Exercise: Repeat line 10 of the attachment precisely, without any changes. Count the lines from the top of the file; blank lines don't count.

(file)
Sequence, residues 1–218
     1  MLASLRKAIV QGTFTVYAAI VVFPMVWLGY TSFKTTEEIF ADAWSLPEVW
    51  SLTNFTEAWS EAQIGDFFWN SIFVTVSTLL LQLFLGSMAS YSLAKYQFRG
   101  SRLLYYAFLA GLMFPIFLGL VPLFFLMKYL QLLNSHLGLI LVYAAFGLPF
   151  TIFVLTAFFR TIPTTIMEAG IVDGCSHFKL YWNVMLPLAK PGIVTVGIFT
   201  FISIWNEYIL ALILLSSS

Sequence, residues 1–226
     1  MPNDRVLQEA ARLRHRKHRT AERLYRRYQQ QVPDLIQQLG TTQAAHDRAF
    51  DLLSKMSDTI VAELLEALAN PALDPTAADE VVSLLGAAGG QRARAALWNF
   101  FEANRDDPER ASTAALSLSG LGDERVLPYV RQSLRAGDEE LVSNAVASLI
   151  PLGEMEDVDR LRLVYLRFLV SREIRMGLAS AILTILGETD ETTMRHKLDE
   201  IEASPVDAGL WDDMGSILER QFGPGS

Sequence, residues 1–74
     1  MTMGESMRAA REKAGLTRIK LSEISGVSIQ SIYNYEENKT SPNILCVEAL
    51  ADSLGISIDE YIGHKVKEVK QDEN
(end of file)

   101  FEANRDDPER ASTAALSLSG LGDERVLPYV RQSLRAGDEE LVSNAVASLI